National Highways with the towns served:

National Highways:

Length: 365.38 km

  • NH-61 - Kohima, Wokha, Tseminyu, Wokha, Mokokchung, Changtongya, Tuli
  • NH-39 - Kohima, Dimapur, Chumukedima, Medziphema
  • NH-36 - Dimapur

State Highways

Length: 1094.60 km

  • Chakabama-Mokokchung Via Chazuba and Zunheboto
  • Kohima-Meluri
  • Mokokchung-Mariani
  • Mokokchung-Tuensang
  • Namtola-Mon
  • Tuensang-Mon-Naginimora
  • Tuensang-Kiphiri-Meluri
  • Wokha-Merapani Road


  • Name of the airport - Dimapur
  • Distance from the State Capital - 70.0 km
  • Town Nearest to the Airport - Dimapur

Culture and Language

An Angami festival dance

There are a number of different tribes living in Nagaland, including the Lothas, Angami, Ao, Chakhesang , Chang, Kalya, Khiamniungan, Konyak, Phom, Pochury, Rengma, Sema, Sumi, Sangtam, Yimchungru, and Zeliang. Of this large group, the Angamis, Aos, Lothas, and Sumis have the highest populations.

As would be expected with so many different groups, tribal and clan traditions and loyalties play an important part in the life of the Naga people. Weaving is a traditional art handed down through generations in Nagaland, and each of the major tribes has its own unique designs and colors, producing shawls, shoulder bags, decorative spears, table mats, wood carvings, and bamboo works. Tribal dances of the Nagas give an insight into the inborn reticence of the people, and various war dances and dances belonging to distinctive tribes serve as a major art form in Nagaland.

More than 80 percent of the people in the state live in rural areas. The Nagas speak 60 different dialects belonging to the Sino-Tibetan family of languages. Nagamese, a variant language form of Assamese and other local dialects is the most widely spoken market language. One interesting aspect of the linguistic makeup of Nagaland is that every tribe has their own mother tongue language, but the various tribes are able to communicate with each other through the use of the unified Nagamese language. As such, Nagamese is not a mother tongue of any of the individual tribes and it is also not a written language. English, the official state language is widely spoken in official circles and is the medium for education in Nagaland. Hindi, the official language of the entire nation, is also spoken by many individuals in the state as well.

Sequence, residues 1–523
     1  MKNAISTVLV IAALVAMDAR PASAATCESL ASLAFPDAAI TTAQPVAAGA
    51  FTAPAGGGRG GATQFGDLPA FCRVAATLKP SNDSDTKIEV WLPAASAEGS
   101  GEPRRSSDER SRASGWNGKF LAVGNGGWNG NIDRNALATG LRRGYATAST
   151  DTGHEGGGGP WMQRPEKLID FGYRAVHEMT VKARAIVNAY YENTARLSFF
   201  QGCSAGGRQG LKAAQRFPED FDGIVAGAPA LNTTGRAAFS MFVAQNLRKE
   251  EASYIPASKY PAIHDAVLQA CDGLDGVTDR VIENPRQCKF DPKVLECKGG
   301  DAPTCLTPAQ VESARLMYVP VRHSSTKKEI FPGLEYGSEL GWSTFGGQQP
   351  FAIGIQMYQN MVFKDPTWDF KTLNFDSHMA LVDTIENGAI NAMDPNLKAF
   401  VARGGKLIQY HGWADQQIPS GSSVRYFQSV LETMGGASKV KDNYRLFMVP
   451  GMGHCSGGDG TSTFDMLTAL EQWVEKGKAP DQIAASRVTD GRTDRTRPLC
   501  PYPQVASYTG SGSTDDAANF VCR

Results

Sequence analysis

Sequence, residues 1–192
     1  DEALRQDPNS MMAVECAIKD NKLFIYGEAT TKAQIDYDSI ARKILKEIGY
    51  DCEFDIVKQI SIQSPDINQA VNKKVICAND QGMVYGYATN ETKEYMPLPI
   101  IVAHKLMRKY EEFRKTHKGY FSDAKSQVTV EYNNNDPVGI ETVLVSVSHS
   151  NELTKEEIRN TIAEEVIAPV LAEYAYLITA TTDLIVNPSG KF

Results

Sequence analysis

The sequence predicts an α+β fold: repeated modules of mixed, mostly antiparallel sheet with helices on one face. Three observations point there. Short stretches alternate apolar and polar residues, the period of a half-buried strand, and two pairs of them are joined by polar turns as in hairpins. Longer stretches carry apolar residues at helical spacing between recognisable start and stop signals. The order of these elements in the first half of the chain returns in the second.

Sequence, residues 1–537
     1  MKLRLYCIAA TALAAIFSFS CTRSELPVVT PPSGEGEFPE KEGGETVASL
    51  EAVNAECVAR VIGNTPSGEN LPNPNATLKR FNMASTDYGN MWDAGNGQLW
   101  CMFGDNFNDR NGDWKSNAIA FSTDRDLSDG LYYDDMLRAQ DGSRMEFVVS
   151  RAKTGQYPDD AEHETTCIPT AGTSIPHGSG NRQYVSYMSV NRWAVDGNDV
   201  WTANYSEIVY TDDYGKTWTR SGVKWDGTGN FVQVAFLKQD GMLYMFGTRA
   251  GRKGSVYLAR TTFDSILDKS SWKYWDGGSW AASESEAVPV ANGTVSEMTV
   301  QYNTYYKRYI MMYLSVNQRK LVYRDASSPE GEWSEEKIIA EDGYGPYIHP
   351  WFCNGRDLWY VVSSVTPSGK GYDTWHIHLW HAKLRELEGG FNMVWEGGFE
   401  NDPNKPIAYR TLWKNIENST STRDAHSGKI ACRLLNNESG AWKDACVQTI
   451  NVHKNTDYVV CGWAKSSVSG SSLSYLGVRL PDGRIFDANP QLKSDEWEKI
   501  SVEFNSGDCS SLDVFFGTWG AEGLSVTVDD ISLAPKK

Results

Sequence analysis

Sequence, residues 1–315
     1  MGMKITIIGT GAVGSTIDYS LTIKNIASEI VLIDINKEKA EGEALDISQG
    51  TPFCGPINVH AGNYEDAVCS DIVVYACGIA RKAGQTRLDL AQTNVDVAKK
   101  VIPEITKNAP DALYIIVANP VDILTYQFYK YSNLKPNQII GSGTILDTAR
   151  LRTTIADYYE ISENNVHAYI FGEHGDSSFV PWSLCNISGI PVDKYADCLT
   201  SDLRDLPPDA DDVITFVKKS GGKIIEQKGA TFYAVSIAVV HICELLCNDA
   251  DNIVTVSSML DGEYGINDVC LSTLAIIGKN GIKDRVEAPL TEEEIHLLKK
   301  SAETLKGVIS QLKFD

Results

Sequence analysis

Christianity is the predominant religion in Nagaland. The census of 2001 recorded the state's Christian population at 1,988,349, which makes up about 90.02 percent of the state's population, and makes Nagaland one of the three Christian-majority states in India, and the only state where Christians form over 90 percent of the population. The state has a very high church attendance rate in both urban and rural areas, and some of the largest of Asia's churches dominate the skylines of the major cities of Nagaland, such as Kohima, Dimapur and Mokokchung.

Among Christians, Baptists are the predominant group, constituting more than 75 percent of the state's population. As a result of this strong presence, Nagaland is known as "the most populated Baptist state in the world," with an even greater Baptist population than Mississippi, where 55 percent of its population is Baptist. In addition to Baptists, Catholics, Revivalists, and Pentecostals are the other Christian denominations in the state. Catholics are found in significant numbers in parts of Wokha district, and also in the urban areas of Kohima and Dimapur.

Unlike the rest of India where their presence is much greater, Hinduism and Islam are minority religions in Nagaland, making up about 7.7 percent and 1.8 percent of the population respectively. A small minority of the population, less than 0.3 percent, still practice the traditional animist religions, and are mainly concentrated in Peren and some of the state's eastern districts.


  1. ↑ Verrier Elwin, The Nagas in the Nineteenth Century (Oxford University Press, 1969, ISBN 0195600045).
  2. ↑ Dawn of Peace in Nagaland Retrieved March 13, 2008.


  • Alfred, J. R. B. Fauna of Nagaland. Kolkata: Zoological Survey of India, 2006. ISBN 978-8181710956
  • Chiru, Samson Shekho. American Baptist Mission Integrating Agent of Nagas into Indian Union. Delhi: Sunrise Publications, 2007. ISBN 978-8187365518
  • Elwin, Verrier. The Nagas in the Nineteenth Century. Oxford University Press, 1969. ISBN 0195600045
  • Rahman, S. A. The Beautiful India. Nagaland. New Delhi: Reference Press, 2006. ISBN 978-8184050035
  • State Human development report - Nagaland. Nagaland: Department of planning and coordination, 2004. OCLC 60372707
  • The Naga Nation and Its Struggle against Genocide - A Report. Copenhagen: International Work Group for Indigenous Affairs, 1986. OCLC 16579531
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